Eric Umansky at Slate came up with the perfect word for the faction in the Bush Administration that is pushing for this global dominance model of forcibly spreading democracy worldwide — “conservatopians”. Brilliant.
The “Conservatopians” (Rumsfeld, Wolfowitz, and Cheney) don’t like the Powell doctrine of “overwhelming force.” In order to realize their vision, they need to be able to deploy “force quickly and with dramatic positive effect in multiple places at multiple times.”
But it’s looking like the Conservatopian approach was the wrong choice for Iraq. We need “overwhelming force.” The Powel Doctrine still rules.
And if we don’t use the Powell doctrine in any conflict in North Korea (which is up next, IMO) we’ll be very sorry.
So this “operational pause” and the seeming switch in strategy is a good sign to me. Maybe it means that President Bush is going to listen to Powell and the C.I.A. more and the Conservatopians less. I think Bush should listen to Colin Powell. Let the State Department, and not the Pentagon, run our foriegn policy. Ultimately it will mean fewer lives lost. And fewer ill-advised wars.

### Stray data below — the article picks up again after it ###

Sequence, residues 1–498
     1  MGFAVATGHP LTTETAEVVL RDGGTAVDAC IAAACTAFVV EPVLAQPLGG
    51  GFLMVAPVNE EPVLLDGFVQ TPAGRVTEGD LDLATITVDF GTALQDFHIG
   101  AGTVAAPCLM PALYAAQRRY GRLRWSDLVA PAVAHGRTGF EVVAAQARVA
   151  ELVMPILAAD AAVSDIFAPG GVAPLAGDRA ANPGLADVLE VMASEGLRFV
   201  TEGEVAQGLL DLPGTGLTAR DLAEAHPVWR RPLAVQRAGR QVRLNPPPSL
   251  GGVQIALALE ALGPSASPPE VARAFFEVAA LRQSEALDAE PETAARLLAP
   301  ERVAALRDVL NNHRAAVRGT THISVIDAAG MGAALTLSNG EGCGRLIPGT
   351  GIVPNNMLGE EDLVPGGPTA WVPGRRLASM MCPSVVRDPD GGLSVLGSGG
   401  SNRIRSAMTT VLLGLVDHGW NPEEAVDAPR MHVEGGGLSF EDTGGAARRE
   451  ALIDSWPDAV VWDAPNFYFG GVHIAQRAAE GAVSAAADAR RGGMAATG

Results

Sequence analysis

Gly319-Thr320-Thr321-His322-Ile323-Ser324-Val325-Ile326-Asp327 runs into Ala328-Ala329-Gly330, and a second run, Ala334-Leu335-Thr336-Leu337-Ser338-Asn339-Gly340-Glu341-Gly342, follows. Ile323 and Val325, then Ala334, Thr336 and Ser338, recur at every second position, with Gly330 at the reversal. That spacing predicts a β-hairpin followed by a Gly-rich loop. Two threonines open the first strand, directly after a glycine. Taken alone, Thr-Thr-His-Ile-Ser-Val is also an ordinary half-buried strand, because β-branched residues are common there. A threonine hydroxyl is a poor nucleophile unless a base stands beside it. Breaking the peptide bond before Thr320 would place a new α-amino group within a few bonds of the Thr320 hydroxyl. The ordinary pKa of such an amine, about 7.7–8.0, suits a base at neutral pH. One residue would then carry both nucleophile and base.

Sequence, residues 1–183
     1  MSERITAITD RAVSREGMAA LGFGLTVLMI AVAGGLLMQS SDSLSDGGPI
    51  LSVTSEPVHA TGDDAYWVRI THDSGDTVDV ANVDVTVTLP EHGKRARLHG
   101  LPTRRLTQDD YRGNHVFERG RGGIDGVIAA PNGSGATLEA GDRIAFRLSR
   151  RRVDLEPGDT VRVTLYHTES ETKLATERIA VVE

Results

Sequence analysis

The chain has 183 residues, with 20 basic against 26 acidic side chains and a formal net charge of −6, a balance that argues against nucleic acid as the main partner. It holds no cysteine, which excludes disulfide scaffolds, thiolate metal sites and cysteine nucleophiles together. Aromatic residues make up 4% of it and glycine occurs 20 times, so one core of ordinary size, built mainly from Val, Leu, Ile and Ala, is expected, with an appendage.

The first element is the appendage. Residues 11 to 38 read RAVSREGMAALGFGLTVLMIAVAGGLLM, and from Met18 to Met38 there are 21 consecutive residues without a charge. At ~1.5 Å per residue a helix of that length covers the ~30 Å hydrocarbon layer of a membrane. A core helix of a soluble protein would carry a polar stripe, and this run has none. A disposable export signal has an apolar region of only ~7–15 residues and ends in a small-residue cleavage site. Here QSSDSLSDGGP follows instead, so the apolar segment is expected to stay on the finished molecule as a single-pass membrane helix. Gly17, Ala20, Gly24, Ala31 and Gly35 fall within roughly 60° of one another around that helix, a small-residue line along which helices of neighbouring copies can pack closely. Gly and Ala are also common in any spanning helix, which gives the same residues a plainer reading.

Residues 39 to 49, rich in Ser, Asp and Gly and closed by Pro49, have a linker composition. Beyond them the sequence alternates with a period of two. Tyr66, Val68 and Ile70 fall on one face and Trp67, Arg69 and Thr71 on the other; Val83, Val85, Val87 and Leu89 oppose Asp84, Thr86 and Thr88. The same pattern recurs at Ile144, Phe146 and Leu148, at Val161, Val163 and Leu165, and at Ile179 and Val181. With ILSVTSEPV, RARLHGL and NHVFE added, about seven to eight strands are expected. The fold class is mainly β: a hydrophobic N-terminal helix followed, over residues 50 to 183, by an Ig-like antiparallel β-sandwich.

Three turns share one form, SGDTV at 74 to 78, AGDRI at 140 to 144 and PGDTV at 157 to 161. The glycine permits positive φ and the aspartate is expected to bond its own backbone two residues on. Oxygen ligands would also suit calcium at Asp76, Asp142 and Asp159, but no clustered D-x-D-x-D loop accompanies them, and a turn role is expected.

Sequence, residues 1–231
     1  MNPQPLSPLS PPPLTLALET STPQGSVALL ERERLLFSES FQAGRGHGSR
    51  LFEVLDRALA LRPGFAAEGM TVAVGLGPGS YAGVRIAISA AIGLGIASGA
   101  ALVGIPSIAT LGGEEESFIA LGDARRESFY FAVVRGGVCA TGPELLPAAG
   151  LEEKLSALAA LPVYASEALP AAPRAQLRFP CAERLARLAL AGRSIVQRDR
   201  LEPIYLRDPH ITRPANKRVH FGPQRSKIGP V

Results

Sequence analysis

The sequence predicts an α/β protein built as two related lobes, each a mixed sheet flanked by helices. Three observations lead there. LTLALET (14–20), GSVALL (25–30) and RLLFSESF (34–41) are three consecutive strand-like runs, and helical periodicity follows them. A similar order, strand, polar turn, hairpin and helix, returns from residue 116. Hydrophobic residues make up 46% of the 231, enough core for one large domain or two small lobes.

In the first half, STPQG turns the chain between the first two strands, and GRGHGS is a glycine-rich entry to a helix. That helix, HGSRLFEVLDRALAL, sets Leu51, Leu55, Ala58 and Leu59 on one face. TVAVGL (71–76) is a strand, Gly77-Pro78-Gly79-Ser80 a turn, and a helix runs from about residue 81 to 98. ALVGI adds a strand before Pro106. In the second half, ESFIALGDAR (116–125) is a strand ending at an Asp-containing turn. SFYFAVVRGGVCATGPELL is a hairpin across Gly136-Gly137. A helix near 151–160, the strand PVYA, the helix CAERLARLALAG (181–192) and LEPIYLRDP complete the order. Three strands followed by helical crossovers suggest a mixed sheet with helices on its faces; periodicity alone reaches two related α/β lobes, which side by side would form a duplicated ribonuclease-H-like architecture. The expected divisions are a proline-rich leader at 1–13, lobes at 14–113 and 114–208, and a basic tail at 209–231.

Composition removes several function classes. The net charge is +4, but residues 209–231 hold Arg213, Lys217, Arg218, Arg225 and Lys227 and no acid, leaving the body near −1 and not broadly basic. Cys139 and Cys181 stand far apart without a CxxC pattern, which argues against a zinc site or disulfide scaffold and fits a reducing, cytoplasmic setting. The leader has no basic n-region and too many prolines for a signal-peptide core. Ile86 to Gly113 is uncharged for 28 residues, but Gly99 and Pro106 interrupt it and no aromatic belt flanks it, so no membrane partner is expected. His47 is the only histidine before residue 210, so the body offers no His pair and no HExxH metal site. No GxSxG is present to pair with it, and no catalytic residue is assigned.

More immediately, tossing aside Rummy’s ambitions and rediscovering the Powell Doctrine will ultimately save lives. What’s bad for the Conservatopians is good for America.
Dear Science Teachers,
As a long time science fair judge, I recognize you as a key figure in the success of the kids you send to be judged by me and my associates. Therefore I think we need to clear some things up.
First of all, just because a kid uses a computer in his project does not make it a computer science project. Don’t let your student enter into computer science category just because he uses a computer. We have to judge on the computer science aspects alone and cannot consider the kid’s stellar work in physics or chemistry or microbiology. It is very frustrating to have to discount a very good project because it is in the wrong category.